Paul Stulac Red Screaming Sun with Ensign Red Canadian Whisky – Spirited Smoke

Paul Stulac Red Screaming Sun with Ensign Red Canadian Whisky

Since I’m on vacation, I decided to celebrate Sunday evening with the highly touted Red Screaming Sun. Picked up the Ensign Red to pair with it, and I’ll mention it later.

This is a beautiful cigar, and my first lancero. Funny how it made me think I needed to behave like a gentleman, as compared to a larger ring gauge that makes me feel like a boss.

While other reviews describe a lot of pepper, I didn’t pick up on that, other than on the retrohale. It’s possible the whisky washed out some of the pepper.

Out of the wrapper, I picked up a sweet grass aroma and cocoa. The longer I took with it, the more the cocoa came through. Lighting up, that didn’t change significantly. It had a good draw and an even burn. Great construction.

Through the first third I picked up burnt sugar, then blackened steak. The undercurrent of sweetness reminded me of warm sugar cookies. There was a faint hint of something I could only compare to burning rubber, but it was very faint and not off-putting at all. That seems like a weird description, and maybe to a more developed palate would be a pepper or some other spice. Sometimes I pick it up in blackened seasonings for steak. Anise, maybe?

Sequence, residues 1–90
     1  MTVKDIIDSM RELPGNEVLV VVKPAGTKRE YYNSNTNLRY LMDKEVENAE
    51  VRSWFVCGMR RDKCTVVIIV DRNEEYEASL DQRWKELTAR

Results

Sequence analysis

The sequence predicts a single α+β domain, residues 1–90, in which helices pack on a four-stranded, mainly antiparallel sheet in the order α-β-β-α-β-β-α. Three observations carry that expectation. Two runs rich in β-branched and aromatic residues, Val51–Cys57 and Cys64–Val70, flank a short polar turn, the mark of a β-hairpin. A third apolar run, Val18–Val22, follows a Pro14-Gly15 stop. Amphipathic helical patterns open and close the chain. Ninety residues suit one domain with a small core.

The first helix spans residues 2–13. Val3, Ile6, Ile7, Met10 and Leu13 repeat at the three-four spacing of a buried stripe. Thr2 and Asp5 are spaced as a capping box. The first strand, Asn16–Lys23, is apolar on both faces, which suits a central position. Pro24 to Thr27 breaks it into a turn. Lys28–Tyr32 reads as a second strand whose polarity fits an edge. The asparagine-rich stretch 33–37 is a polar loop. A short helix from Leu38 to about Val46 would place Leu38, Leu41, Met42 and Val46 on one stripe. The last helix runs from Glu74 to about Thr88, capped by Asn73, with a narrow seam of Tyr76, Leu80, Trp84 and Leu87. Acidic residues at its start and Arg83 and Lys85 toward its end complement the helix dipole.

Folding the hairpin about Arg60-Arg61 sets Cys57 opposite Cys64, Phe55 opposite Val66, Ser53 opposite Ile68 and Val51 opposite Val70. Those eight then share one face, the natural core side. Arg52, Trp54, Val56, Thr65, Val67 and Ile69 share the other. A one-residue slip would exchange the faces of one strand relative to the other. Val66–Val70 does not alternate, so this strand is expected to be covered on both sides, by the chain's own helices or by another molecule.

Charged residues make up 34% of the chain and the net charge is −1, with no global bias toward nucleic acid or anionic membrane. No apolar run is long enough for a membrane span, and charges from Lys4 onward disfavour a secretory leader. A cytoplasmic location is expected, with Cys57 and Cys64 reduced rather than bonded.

On the second third, Mr. Stulac began to make his case. The sugar cookie turned to burnt marshmallows and I picked up a slight reminder of Frosted Flakes. As I neared the end of the second third, the aroma of burning damp fall leaves joined the party. The blackened steak stuck around, and the cigar was getting more complex and interesting.

For the final third, a mesquite char developed and stayed to the end. That may have been the early burnt rubber I got.

The Red Screaming Sun smoked easily and didn’t overpower me like some complex smokes will do. It was a challenge and a delight for me to try to pin down notes that wouldn’t sound absurd to someone else.

This was my 2nd Privada club cigar, and another example of the uniqueness and quality only found here.

As for the Ensign Red, nosing the bottle after uncorking, it was just syrupy sweet, not much else going on. Nosing after the pour, the spice woke up and I’d compare it to cider on the nose. I found it had good legs and coated the mouth evenly. It was easy to sip, and played a sound second fiddle to the gorgeous cigar. I’m not saying you should run out and buy a bottle, but for its $20 price point it’s worth having around.


About the author: Tony Poiles
Quickly approaching retirement:) Born, raised and currently live in Louisville, KY. Love to travel, but devoted to Derby City! Interests: Bourbon and other spirits, fine cigars, horse racing, golf, reading (big fan of what I refer to as 'Florida noir', which started with John MacD's Travis McGee series). Also mildly Parrothead (I got a Caribbean soul...) as well as enjoy all music genres.

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